A security analyst, Professor Kwesi Aning says it is in the collective interest of all African countries to help Nigeria solve the growing sense of insecurity in the country.
He indicated that 5% of angry Nigerian population fleeing their country will pose a massive humanitarian challenge for Benin, Togo and Ghana.
“It is in our collective interest that we help the Nigerians who are our big brothers.”
Protests against police brutality have been taking place in Nigeria for two weeks.
In a recent development, the Nigerian military opened fire on one of the pivotal areas for the ongoing mammoth demonstrations, Lekki Toll Gate, injuring many unarmed civilians in the process On Tuesday night.
Highlighting the need for African leaders to intervene in the situation, he explained that, the delayed reaction by African leaders in expressing concern about the ongoings in Nigeria is indicative of a lack of understanding of the demands of the Nigeria youth.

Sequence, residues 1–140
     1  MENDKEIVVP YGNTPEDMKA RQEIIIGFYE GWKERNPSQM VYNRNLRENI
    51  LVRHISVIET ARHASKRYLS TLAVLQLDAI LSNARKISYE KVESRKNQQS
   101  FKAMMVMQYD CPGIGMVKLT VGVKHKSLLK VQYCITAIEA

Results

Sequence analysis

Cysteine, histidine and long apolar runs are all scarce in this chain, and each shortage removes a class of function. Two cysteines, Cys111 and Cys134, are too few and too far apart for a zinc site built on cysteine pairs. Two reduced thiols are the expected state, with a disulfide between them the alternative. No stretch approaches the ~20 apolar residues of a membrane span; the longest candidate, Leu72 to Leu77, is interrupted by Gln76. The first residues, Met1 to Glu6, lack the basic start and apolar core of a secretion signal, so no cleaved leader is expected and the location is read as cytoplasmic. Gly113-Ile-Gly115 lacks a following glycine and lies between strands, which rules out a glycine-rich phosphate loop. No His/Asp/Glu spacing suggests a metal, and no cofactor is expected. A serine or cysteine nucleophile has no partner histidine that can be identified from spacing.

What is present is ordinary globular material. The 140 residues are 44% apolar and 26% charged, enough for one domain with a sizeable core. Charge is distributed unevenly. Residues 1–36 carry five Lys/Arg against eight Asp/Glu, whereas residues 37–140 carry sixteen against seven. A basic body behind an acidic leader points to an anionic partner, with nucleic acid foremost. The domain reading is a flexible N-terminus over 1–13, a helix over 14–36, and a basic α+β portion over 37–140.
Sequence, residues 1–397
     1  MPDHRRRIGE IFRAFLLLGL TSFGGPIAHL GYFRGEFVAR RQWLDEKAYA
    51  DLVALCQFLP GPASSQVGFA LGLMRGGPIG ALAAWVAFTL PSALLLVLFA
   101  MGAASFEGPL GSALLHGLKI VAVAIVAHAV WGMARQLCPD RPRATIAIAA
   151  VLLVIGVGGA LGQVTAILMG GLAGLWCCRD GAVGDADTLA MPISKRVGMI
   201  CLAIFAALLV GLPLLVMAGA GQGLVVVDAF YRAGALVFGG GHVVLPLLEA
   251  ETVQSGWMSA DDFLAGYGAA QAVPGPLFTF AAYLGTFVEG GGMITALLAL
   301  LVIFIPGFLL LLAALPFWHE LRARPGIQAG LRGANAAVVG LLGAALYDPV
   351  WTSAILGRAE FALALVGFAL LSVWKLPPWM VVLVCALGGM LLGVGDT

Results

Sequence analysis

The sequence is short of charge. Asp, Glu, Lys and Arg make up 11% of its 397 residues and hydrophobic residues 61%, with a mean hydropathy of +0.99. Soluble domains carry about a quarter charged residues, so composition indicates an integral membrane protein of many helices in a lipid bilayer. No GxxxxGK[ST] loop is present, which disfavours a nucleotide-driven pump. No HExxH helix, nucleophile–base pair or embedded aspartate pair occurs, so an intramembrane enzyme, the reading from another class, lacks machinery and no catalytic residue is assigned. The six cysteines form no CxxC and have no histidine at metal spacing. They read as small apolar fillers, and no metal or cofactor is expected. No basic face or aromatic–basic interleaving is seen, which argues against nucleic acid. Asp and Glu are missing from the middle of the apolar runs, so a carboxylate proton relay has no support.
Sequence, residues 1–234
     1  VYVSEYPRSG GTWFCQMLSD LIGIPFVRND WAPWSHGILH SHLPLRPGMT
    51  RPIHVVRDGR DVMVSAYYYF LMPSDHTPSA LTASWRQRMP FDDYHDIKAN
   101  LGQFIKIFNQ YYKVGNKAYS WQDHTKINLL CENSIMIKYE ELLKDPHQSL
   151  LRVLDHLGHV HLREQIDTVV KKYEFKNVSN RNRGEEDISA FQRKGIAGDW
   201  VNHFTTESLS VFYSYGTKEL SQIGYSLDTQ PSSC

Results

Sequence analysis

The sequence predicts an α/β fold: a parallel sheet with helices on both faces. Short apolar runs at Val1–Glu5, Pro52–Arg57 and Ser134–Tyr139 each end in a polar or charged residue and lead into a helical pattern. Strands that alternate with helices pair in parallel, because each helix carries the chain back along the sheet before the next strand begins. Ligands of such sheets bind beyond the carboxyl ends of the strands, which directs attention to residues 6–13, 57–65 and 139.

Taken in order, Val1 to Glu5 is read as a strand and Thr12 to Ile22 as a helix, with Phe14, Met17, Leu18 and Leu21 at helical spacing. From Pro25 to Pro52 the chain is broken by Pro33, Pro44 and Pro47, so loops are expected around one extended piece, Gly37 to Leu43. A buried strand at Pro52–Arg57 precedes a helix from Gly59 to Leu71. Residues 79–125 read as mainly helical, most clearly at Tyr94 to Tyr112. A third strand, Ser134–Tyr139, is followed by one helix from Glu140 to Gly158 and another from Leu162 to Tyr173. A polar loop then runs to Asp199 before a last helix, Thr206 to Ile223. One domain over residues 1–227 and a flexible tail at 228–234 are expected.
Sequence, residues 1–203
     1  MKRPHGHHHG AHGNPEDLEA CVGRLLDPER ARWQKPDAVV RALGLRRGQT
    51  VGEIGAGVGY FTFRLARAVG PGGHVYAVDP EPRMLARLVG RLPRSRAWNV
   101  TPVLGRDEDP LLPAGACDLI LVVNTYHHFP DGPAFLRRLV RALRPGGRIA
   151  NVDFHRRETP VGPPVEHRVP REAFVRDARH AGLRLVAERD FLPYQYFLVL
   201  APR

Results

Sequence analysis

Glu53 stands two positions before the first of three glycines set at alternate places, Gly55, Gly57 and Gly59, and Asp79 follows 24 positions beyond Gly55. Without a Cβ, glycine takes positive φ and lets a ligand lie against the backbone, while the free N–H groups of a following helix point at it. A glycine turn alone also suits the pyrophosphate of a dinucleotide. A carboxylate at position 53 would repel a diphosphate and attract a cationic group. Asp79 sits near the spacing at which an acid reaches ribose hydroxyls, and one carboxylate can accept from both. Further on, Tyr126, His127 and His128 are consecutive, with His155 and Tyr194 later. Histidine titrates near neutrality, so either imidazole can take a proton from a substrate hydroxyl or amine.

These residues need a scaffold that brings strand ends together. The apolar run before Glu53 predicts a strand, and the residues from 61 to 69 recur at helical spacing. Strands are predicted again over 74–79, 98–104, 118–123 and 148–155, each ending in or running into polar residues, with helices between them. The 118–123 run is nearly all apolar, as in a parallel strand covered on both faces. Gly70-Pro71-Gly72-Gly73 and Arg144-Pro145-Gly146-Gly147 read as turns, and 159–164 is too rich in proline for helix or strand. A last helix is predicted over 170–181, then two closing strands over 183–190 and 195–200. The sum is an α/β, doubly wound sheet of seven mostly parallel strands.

Speaking on the AM show on Thursday, Professor Kwesi Aning noted that the current situation in Nigeria could extend beyond the boundaries of Nigeria.
“The coup d’état in Mali was actually a popular uprising in which the coup became an answer to stop social uprising to get out of hands.
“We are seeing the post elections demand in Guinea and in la Côte d’Ivoire and these violent demonstrations are mostly led by the youth,” he added.
The security analyst also emphasized the need for the Nigerian government to pay critical attention to the needs and understand the demands of the youth and the country as a whole.
“The gerontocracy class that has governed this continent for a long time seems to be out of touch with the realities of what the youth and the full population needs.
“I think the earlier there is a change, there is a listening voice and there is a better approach in dealing with the situation, the better.”
He added that there is a need for an independent oversight institution to address the demands of protesters.